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Floor monitors.. price issues.. need to be able to practice

Alright, so right now i have a Mackie 406m powered mixer (500 watt)

but no speakers :(.

We have band practice in my basement, where we have drums and guitar and everything.

HOWever, we have no way of using vocals atm, and so we were looking to purchase a PA... severeal floor monitors.. maybe two or three, and probably two FOH speakers.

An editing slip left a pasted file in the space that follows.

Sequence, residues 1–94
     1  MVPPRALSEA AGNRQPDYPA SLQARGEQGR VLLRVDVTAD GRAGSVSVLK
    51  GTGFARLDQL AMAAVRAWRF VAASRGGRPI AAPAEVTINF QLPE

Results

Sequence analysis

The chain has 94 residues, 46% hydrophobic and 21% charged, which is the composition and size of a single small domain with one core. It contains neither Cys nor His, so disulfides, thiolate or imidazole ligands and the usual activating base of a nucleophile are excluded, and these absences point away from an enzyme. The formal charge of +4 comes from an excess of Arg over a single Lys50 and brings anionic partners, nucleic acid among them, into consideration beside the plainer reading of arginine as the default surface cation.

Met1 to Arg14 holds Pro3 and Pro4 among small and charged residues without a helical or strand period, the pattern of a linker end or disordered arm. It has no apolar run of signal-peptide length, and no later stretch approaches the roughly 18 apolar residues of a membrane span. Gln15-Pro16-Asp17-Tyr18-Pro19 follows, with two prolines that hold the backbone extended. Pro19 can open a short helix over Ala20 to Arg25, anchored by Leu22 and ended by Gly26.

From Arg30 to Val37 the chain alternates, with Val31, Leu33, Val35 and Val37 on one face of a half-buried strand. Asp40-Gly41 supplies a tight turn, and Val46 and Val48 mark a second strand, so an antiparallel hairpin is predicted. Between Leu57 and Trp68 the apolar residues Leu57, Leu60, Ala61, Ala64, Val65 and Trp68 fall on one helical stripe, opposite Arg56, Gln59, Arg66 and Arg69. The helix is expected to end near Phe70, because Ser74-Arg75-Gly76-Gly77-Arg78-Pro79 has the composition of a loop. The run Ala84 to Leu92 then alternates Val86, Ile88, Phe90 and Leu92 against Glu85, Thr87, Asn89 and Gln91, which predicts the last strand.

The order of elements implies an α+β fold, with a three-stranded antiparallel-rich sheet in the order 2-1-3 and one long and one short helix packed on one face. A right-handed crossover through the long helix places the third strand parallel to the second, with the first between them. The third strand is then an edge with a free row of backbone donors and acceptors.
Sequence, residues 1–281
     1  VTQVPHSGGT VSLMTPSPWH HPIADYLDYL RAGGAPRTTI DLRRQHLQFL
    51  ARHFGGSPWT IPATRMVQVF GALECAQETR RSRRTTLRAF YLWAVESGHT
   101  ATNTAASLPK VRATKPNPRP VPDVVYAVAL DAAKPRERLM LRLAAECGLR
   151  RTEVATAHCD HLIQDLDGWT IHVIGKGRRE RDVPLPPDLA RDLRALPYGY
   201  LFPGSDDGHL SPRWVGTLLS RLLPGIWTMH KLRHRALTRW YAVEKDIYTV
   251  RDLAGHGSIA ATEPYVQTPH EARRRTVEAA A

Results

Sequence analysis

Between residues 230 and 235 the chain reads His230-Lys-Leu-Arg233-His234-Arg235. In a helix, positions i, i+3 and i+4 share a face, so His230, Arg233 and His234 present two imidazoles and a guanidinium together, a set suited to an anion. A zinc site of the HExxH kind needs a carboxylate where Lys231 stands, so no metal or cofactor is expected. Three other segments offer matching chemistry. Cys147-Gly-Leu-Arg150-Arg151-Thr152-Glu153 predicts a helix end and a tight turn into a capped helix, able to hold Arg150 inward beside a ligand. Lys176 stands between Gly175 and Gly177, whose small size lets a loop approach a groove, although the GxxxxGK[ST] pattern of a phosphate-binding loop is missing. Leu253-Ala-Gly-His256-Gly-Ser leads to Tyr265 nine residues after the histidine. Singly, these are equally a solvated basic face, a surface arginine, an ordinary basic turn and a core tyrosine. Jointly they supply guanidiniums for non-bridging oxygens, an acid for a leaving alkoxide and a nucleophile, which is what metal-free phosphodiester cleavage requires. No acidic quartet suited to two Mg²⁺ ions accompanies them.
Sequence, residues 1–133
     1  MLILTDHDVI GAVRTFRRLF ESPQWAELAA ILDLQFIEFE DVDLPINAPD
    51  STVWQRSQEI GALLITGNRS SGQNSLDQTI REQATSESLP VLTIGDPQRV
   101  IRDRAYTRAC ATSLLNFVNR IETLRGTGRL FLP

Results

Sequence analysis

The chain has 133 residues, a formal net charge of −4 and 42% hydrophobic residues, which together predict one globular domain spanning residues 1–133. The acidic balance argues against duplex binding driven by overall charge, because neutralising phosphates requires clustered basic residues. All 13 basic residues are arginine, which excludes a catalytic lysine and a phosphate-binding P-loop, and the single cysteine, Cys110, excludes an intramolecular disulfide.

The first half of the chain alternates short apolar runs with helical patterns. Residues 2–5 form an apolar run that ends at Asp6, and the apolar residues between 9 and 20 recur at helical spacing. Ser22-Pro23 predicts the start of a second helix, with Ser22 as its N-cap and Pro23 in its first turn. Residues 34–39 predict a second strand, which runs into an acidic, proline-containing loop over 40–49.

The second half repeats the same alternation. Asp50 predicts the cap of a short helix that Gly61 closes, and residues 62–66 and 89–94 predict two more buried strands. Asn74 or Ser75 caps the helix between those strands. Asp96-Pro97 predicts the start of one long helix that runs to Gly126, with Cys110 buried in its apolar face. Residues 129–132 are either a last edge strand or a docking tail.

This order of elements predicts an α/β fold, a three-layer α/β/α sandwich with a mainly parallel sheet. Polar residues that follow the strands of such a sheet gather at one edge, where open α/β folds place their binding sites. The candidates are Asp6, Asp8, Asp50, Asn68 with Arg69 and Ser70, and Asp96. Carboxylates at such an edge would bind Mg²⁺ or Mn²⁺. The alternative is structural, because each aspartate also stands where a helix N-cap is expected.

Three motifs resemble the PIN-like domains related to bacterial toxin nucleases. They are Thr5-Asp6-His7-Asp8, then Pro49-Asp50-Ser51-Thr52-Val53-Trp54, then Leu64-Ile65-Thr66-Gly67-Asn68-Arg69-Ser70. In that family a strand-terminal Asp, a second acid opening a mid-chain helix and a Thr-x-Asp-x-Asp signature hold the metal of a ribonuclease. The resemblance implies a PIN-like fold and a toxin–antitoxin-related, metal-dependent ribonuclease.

What would be a cheap way of doing this but still getting a good sound? Should I buy a seperate mixer / poweramp?

And dose anyone know where i can get monitors for cheap and stuff?


moonbaby Wed, 11/01/2006 - 07:26

A quick perusal of the specs on that amp indicate that it only puts out that "500 watts" if you load down EACH of the (2) output channels with a 2-ohm load and even then, it's really just 250 watts from each of those.
Just so that you understand that this puppy wasn't really designed for a rockin' band but more for a coffeehouse gig....
Anyway, a 2-ohm load on most amps is not very stable, the output devices get pretty hot, and the distortion amounts tend to go up. And to